Similar to other healthcare sectors, mental health has moved toward a prevention model, with an effort to detect and treat mental disorders as early as possible. It follows, then, that people receiving Medicaid, the majority of whom are children and teens, should be the ones with the most access to early intervention. This is especially important when you consider that

the most vulnerable people in our community are being systematically prevented from accessing mental health services. MDHHS swiftly refuted this claim and confirmed it to be false. Originally, Meridian was the only plan to drop reimbursement rates, but other Medicaid providers have since followed suit. As a result, many therapists are no longer taking Medicaid or are placing caps on the number of Medicaid clients they’re able to see. Now, before you begin to think of us therapists as money-hungry, self-interested profiteers seeking to make a fortune from other people’s distress, I’d ask that you consider a few key factors related to the financial viability of the mental health field. For one thing, the “hourly rate” a therapist charges is not how much said therapist makes per hour. Included in that rate is the time it takes to document, research, and seek out appropriate therapeutic techniques for each individual client. Like any business, there are also overhead costs associated with the job, such as office space and utilities, annual licensing fees, continuing education requirements, software, and advertising fees. If a client doesn’t show up or cancels their session, the therapist doesn’t get paid for their time. Let us not also forget that to be a mental health therapist, one needs to earn a graduate degree, a requirement not known for its affordability. I would like to tell you it all pays off, but financially speaking, it doesn’t. In fact, in 2024, the job of mental health therapist earned the number two slot nationwide for the lowest paying profession that requires a master’s degree. After taking all of that into consideration, along with the fact that Medicaid reimbursement rates are 30-50 percent less, on average, than the rate of commercial insurance reimbursement, it’s painfully clear that taking on Medicaid clients is simply not sustainable for most therapy practices.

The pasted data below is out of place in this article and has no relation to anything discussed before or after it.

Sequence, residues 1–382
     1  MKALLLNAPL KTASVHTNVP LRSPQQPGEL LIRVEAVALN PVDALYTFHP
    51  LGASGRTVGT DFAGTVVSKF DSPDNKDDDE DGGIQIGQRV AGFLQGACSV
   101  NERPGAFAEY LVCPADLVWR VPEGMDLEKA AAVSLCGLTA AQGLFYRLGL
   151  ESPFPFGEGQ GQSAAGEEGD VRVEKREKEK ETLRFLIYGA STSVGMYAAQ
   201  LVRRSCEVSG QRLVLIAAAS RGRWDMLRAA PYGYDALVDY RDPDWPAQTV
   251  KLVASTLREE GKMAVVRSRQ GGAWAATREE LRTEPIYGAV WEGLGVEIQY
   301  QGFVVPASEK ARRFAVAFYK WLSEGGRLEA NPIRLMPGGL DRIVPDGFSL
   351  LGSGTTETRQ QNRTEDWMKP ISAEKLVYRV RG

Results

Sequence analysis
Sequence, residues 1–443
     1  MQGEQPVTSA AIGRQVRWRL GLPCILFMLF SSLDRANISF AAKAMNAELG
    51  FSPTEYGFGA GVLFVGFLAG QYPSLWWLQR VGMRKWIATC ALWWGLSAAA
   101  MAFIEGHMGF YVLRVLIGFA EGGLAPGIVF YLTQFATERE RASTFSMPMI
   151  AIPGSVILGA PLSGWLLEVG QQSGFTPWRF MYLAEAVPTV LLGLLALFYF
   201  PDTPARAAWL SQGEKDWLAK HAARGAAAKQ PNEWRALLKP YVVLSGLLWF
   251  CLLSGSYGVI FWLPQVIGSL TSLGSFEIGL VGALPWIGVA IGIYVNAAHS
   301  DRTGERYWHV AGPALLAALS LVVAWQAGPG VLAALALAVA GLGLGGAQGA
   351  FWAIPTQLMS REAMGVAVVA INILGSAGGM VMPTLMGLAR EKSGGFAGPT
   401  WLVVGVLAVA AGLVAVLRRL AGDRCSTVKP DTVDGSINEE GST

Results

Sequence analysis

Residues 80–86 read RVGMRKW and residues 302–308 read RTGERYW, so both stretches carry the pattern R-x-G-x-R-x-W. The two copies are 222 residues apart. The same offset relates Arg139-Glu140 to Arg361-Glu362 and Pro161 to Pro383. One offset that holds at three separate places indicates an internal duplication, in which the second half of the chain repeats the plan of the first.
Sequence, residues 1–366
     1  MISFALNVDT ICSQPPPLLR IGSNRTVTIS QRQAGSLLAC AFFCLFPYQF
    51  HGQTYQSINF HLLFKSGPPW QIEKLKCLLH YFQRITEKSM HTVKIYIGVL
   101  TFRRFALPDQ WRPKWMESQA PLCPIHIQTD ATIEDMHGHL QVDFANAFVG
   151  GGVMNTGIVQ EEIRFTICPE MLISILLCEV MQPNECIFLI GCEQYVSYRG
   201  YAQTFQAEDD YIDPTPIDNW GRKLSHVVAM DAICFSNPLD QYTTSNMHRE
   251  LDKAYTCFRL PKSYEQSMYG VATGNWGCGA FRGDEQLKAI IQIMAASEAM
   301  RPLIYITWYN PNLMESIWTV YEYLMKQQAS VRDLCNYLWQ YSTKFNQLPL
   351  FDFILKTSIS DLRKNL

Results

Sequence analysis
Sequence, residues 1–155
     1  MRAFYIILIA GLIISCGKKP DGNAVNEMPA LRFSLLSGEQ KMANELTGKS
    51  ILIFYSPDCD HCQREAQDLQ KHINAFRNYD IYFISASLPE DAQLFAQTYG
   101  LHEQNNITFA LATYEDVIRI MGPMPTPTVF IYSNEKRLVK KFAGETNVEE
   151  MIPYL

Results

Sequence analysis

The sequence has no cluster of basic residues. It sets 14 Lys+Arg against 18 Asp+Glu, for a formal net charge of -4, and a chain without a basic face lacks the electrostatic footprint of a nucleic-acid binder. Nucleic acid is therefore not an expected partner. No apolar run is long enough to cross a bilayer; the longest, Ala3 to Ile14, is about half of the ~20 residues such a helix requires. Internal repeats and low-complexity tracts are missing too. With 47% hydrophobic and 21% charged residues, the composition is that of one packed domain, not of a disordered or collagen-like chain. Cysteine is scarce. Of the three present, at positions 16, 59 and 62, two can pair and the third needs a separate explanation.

the second leading cause of death among adolescents is suicide, and half of all mental health disorders become evident by age 14. When children and teens receive mental healthcare early on, they are more likely to develop positive coping mechanisms and strategies that will help them in adulthood. When mental health goes untreated, the consequences can range from missed educational opportunities; to involvement with the court system; to, in the worst case scenario, suicide. Families who receive Medicaid are families who are already struggling in their daily lives, often with financial stress and all the burdens that go along with having a lower socioeconomic status. And while expanded access to Medicaid was certainly a step in the right direction, the de-incentivization for therapists to take Medicaid clients is, by contrast, like taking several steps back. Therapists want to help the most vulnerable members of our community. We really, truly do. We didn’t get into this field for the money, but without it, we can’t run a viable business. The work of a therapist is valuable, important, and in many cases, life-saving. People receiving Medicaid are just as deserving of our help as those with commercial insurance or the ability to pay out of pocket. For a population that already faces so many disadvantages, adding one more barrier to treatment is not only unethical, it’s devastating. Want to help? Contact your state legislators and ask for mental health parity, as well as parity between Medicaid and other mental health providers. Emma Smith works as part of the Development Team at Child and Family Services of Northwestern Michigan. She is also a clinical mental health therapist and owner of Blue Thistle Therapy, a local private practice.